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WILD WEST CHRISTOPHER REYNOLDS

As the lake recedes, will they stampede?

The Great Salt Lake is being greatly reduced by drought, giving the bison on Antelope Island a chance to go downtown.

November 18, 2003|CHRISTOPHER REYNOLDS

Antelope Island, Utah — In A PANORAMA OF SNOWY SLOPES, STILL WATER AND MUD flats, I stand on a grassy ridge, eye to eye with a furry mammal that outweighs me by half a ton and once played a starring role on nickels. He is drinking. I am withholding information.

Call him a buffalo, as most civilians like to, or call him a bison, as zoologists say we ought to. Either way he's a big bull, brown fur rippling in the 35-degree breeze, indelicately slurping at a puddle. He comes up from his drink looking like an Allman Brother at closing time, all dripping whiskers and droopy eyes.

Tended by state rangers and their forebears, he and his forebears have lived here on 28,022-acre Antelope Island for more than a century, surrounded by the shallow waters of the Great Salt Lake, the largest lake west of the Mississippi. But unlike his parents, this buffalo could roam. If he only knew it, he could stroll right off this chunk of land, pad across the mud flats, trudge through a suburb or two and make his debut in downtown Salt Lake City society.

In other words, his island isn't an island anymore. And the Great Salt Lake isn't so great. A drought of several years has reduced it to less than half the surface area it covered just 15 years ago.

"The lake would be right here," said Bruce Thompson, education director of the Friends of the Great Salt Lake, kicking at a patch of damp dirt near the lake's south end as we began our tour one morning last week. Then he turned his gaze toward the horizon.

"It's probably close to a mile out there now," he said.

The lake's waters, up to about 35 feet deep and laden with more than 4 billion tons of salt, still cover about 1,600 square miles, harboring vast quantities of brine shrimp and brine flies. On its busiest spring and fall days, this lake harbors as many as 5 million birds. It's a startling experience to drive across the man-made causeway to Antelope Island, look out at the fowl-speckled, sky-reflecting lake on either side, and feel like a flea creeping across a crack in a vast mirror.

So what does it mean when the mirror is eventually interrupted by a mile or two of mud? We understand this about as clearly as my friend the buffalo does.

Last week, the lake's level was 4,195 feet above sea level, having fallen seven feet since 1999. Most authorities blame the drought for most of this, but as Thompson was quick to point out, nobody in Utah is sure how much water from feeder rivers is being diverted to serve development. Nor is it clear what the lower levels mean for plants and animals.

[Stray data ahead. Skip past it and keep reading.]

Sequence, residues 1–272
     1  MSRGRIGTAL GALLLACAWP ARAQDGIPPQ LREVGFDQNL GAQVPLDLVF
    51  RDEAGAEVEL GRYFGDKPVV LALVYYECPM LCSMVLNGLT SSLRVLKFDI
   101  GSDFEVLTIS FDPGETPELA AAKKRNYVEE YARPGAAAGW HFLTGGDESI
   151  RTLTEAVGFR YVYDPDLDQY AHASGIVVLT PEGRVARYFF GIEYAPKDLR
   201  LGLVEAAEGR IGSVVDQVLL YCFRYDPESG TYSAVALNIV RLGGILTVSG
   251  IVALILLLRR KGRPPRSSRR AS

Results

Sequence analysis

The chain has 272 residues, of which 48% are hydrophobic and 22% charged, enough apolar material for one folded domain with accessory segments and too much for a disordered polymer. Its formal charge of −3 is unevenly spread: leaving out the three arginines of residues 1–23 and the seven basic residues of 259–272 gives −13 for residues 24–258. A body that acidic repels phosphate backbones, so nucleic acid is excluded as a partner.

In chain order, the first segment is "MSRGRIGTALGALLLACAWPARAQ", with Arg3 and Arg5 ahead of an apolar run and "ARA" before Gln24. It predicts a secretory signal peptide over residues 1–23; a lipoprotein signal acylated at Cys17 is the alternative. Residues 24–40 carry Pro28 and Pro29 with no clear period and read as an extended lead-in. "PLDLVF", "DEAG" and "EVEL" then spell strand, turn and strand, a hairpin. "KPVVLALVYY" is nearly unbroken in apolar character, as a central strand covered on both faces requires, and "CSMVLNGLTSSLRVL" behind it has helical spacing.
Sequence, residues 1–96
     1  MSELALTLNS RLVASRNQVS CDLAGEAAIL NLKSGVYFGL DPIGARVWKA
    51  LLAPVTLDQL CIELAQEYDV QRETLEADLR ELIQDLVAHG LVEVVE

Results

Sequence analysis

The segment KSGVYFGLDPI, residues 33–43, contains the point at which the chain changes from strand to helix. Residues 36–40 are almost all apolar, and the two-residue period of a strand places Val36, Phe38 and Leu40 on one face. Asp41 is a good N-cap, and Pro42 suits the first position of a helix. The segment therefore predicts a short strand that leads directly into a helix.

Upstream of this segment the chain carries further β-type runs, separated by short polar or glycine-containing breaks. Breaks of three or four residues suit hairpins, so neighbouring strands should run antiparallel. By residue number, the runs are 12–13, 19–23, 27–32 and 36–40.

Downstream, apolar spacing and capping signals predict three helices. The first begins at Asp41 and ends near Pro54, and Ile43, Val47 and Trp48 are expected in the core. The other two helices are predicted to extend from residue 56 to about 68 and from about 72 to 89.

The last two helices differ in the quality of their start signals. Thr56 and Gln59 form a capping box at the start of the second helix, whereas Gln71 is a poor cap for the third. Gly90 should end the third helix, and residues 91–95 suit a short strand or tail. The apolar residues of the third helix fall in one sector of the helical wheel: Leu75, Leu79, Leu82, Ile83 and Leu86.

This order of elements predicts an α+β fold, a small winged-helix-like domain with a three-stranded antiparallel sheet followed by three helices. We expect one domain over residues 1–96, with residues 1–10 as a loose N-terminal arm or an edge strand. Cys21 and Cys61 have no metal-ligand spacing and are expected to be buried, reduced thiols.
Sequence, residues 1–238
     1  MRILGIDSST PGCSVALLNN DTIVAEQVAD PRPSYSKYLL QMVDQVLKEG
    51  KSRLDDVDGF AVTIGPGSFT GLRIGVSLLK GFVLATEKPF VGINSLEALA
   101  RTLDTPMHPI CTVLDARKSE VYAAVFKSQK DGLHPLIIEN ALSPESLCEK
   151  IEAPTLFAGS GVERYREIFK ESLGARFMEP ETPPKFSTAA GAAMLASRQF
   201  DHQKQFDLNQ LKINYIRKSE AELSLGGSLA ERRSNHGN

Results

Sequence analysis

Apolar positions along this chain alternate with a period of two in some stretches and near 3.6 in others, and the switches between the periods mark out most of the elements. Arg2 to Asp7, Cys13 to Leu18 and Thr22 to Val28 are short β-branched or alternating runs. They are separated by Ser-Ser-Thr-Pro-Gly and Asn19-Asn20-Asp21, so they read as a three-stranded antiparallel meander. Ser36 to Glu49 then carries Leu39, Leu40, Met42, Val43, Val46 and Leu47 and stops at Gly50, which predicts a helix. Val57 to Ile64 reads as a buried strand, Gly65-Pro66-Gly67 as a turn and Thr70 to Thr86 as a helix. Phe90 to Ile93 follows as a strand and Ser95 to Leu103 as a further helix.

"The lake has always changed. The lake will always change. And the birds change patterns with the lake," said avian biologist John Luft of Utah's Division of Wildlife Resources.

The avocets and black-necked stilts, which like to nest in marshland, have actually been gaining coveted ground as the lake recedes. But for the white pelicans and snowy plovers -- both species whose nesting areas are now more vulnerable to other animals -- these are uneasy days.

Already, the mud flats have tempted a handful of illegal off-roaders, whose tire tracks stand out clearly amid the otherwise blank expanses near Antelope Island. Applying their tracking skills to the tire marks, the island's rangers have surmised that the trouble boiled down to four yahoos, who stopped doing doughnuts last month when some new fences went up. The most uncomfortable animals so far seem to be the humans engaged in the multimillion-dollar business of harvesting brine shrimp and selling them around the world as food for prawns. As nearly as the experts can tell, the brine shrimp population is doing fine, but with the water levels so low, the shrimpers' boats can't always get where they want to go. Antelope Island State Park manager Ron Taylor estimates that the shrimping fleet is half the size it was last year.

The last time the water was this low, in the early '60s, some scientists publicly warned that the lake could vanish altogether. Instead, the weather changed. By the late 1980s, a series of wet years was sending so much water into the lake that Interstate 80 was threatened and the governor had to spend more than $71 million on a trio of massive pumps to send water into the western desert. Now the pumps sit idle.

On the lake's north shore, an even stranger apparition stands in the shallows. In 1970, 32-year-old avant-garde artist Robert Smithson chose that spot, where the algae-tinged pink hue of the water reminded him of blood, for an immense earth artwork. By his design, a mystified team of tradesmen arranged piles of black basalt rocks in a 1,500-foot-long, 15-foot-wide curlicue. Smithson titled it "Spiral Jetty."

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